We therefore treat Perin v. Peuler, 373 Mich. 531, supra, as contrary to the weight of authority. As such, it is singularly unconvincing. The only justification advanced by the majority for the allowance of the negligent entrustment amendment is that "[i]t may, at very least, awaken some over-indulgent parent to the fact that . . . his personal distinguished from vicarious toes have been exposed to the heavy bootstep of liability . . ." P. 535. The query is obvious.
More persuasive are the dissenting opinions. We quote from Justice Kelly's dissent (p. 553 et seq.): "In this case there is no need to pursue the common law negligent entrustment theory and no need for this court to allow the plaintiff to possibly prejudice the defendants' rights to a fair hearing because, as has been emphasized, the ownership liability part of this case was completed at the termination of pleadings. After all, this is the purpose of pleadings: To remove from trial those issues not disputed. Because of the statute and defendant-owner's admission that he would not be able to escape the statute, plaintiff's only task in this present case is to establish the driver's negligence on the day and in the incident in which plaintiff claims she was injured. . . Why, then, if there is no need to establish negligent entrustment in order to hold the owner liable, does the plaintiff in the present case seek to expend the time, effort and money involved in obtaining and introducing proof to establish this liability link already admitted to exist because of statute? Is it that proof of yesterday's accidents will be helpful to determine today's responsibilities? . . . Is it because the amount of plaintiff's verdict would be enlarged by showing the proof of the driver's previous negligence, thus meeting a jury's reluctance to render a large verdict against the owner without such proof. . . . I quote with approval the following from the trial court's denial of the motion: . . . [T]he purpose of the proposed amendment appears to be solely that of introducing a driving record *861 which would influence the jurors' decision in connection with the alleged negligence of defendant driver. . . The . . . amendment goes only to the liability of defendant-owner who will be liable as owner if defendant-driver was negligent in the operation of his automobile. It appears, therefore, that the sole purpose of the proposed amendment is only to bring in the driving record of defendant-driver and thereby influence the jury. Since defendant has admitted that the car was being driven with the knowledge and consent of defendant-owner, the defendant-owner will be liable if defendant-driver is negligent.'"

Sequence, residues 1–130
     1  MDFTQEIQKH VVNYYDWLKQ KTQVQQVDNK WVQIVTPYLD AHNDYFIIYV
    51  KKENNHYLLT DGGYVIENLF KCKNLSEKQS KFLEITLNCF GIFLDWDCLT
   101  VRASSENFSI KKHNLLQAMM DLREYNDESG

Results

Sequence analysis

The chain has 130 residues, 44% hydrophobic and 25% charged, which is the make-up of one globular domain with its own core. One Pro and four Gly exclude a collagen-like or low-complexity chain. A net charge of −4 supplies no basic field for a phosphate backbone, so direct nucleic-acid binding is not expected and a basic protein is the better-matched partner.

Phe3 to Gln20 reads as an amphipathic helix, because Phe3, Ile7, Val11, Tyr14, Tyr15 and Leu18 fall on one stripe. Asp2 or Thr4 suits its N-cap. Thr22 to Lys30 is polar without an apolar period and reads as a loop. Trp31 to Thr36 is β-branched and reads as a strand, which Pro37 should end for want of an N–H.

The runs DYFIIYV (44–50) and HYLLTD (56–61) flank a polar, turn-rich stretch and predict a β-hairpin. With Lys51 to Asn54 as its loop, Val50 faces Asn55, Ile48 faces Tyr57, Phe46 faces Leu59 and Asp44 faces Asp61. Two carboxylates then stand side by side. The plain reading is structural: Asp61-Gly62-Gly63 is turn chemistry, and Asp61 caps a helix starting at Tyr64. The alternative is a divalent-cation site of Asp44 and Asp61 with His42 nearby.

We also quote from the dissenting opinion of Justice O'Hara (p. 562): "The dichotomy between Mr. Justice Black [writing for the majority] and myself occurs when he would allow the assertion of the common-law doctrine of negligent entrustment and the admissions of the proofs of incompetence incident thereto in cases where ownership and consent to operate under our statute are alleged and not denied. For in such a case we in truth do precisely what the trial judge said we do allow the assertion of this ground of liability `solely to influence the jury.' Thus I would leave unimpaired the doctrine of negligent entrustment of a motor vehicle in our State but I would restrict its use to those cases wherein liability of the owner is not already alleged and admitted by reason of the operation of our statute."
In the recent case of Breeding v. Massey, 378 F2d 171 (8 Cir.), an action brought against both the employer and employee-driver in a state court of Arkansas then removed to federal court, it was held that under Federal Rules both theories might be pleaded and relied on for recovery. However, the court asserted (p. 178) that "In the instant case, we do not have before us a situation where liability has been admitted on the scope of employment theory. . . Hence, we are not confronted with *862 the problem of what the Arkansas court would hold if scope of employment were conceded. But see Ozan Lumber Co. v. McNeeley, 214 Ark. 657 (217 SW2d 341, 8 ALR2d 261). 20 Ark. L. R. 101, 106; 8 AmJur2d, Automobiles & Highway Traffic § 573."